It has been a long time since I've taken care of a newborn. I thought I was ready to feel exhausted, but it turns out I was woefully unprepared. Timmy requires near constant feedings, which requires him to be woken up every ninety minutes. When Scott was home from work the fatigue wasn't as much of an issue because we were able to split the duty. Now that he has to get up and go to work in the morning, I am solely responsible for the nighttime feedings.
I will be delighted when Little Timmy isn't quite so tiny. I worry about his maintaining his body temperature and his eating enough to gain weight and becoming stronger. Although the doctors assure me that he is healthy, I look at his tiny little frame and can't help but worry.
We have a box of newborn diapers which currently swamp him. Robby's newborn clothes, which he only fit into for about a week, are entirely too big. I can't wait until he outgrows the preemie diapers and clothes!
I have worked with the special needs population for twenty years with the bulk of my time concentrating on infants and toddlers. I've had extensive experience talking with worried parents about their children's health and development. I know the statistics, the facts, and the right things to say. What I never knew, until now, is how it feels to have developmental concerns about your child.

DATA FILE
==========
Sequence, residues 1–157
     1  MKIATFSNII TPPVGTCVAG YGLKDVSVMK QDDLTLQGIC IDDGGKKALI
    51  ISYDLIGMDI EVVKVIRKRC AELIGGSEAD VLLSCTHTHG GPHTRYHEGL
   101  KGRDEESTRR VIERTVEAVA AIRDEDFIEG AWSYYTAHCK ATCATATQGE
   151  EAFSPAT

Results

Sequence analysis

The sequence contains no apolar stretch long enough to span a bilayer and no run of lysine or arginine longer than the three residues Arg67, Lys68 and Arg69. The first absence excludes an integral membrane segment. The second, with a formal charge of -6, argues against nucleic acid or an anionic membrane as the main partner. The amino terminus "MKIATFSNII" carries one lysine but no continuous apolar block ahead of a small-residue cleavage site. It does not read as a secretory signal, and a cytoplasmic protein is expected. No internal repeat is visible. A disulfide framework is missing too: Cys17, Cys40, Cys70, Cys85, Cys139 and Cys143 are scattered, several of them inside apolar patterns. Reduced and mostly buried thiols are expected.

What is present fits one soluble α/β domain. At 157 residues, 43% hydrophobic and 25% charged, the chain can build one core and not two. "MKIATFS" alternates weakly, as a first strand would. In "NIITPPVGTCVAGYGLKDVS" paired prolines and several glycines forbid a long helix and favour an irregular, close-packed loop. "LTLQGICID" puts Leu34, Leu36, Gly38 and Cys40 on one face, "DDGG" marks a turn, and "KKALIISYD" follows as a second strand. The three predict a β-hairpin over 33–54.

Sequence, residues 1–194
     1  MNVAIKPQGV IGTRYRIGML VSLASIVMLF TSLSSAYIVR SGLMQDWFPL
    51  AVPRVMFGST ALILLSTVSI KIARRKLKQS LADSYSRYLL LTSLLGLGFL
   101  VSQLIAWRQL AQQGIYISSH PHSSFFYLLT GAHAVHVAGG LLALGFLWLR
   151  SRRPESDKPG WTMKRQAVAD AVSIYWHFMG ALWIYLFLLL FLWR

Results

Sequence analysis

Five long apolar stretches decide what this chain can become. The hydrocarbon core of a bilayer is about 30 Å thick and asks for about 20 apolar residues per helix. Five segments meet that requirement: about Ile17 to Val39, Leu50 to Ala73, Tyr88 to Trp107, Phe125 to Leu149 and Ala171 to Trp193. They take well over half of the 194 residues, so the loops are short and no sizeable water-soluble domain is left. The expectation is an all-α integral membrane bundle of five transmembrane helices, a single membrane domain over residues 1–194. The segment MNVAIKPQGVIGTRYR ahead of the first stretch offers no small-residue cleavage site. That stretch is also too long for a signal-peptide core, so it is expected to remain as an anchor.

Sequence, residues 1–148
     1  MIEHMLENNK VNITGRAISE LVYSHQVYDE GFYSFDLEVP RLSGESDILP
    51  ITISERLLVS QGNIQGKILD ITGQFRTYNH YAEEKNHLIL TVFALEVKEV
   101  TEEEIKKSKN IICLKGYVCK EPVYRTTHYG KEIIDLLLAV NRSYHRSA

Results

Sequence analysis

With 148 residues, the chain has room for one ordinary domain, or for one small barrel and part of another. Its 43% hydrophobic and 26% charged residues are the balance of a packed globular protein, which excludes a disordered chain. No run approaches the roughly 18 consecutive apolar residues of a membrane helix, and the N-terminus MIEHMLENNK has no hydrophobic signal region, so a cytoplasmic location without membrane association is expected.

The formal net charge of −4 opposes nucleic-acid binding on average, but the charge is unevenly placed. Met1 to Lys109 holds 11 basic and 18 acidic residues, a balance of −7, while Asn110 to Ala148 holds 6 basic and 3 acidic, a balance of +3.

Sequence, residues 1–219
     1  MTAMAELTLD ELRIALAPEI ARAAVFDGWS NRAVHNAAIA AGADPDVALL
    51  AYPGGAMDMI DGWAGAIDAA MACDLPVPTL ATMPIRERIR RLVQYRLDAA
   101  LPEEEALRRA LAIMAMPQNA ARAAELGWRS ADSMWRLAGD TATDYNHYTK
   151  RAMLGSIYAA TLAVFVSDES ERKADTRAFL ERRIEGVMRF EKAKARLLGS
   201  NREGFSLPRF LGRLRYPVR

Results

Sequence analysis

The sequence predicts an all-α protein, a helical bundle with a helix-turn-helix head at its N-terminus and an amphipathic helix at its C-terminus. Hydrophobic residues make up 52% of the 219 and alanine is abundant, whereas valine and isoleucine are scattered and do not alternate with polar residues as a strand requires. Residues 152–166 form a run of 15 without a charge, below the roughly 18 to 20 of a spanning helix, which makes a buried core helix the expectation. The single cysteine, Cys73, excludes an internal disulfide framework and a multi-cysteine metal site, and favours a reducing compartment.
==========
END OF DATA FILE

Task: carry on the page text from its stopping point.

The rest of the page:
Although Timmy is technically a preemie, all signs indicate that he will have no long term effects. He is small but strong and has no other adverse health issues. Even though I hear the doctor's words, I am struggling to embrace and believe that everything is okay. He is so different than Robby as an infant, but I also know that it is unfair to compare.
The doctor's reassure me that Timmy is fine, and that his developmental milestones will be adjusted for his gestational age. I smiled when I heard the explanations, not because it was humorous but because I had given the same talk hundreds of times. It is surreal hearing the same lecture from a different perspective.
As Timmy eats and grows, I fully expect him to catch up with his non-preemie peers. Hopefully soon the oh-so-small clothes will be packed up and become a memory. Although it doesn't feel like it, I even know that eventually I will sleep again, Timmy will be okay, and he will have a series of incredibly adorable baby pictures when he grows up.
I also know that the next time I meet with parents worried about their child's development, I will react differently as I have been afforded a perspective that only comes from experience. I'm grateful that these issues are fleeting, but I know that the impact will make me a better teacher. In the meantime, I think I'll just cuddle my little Timmy, reminding myself how lucky I am.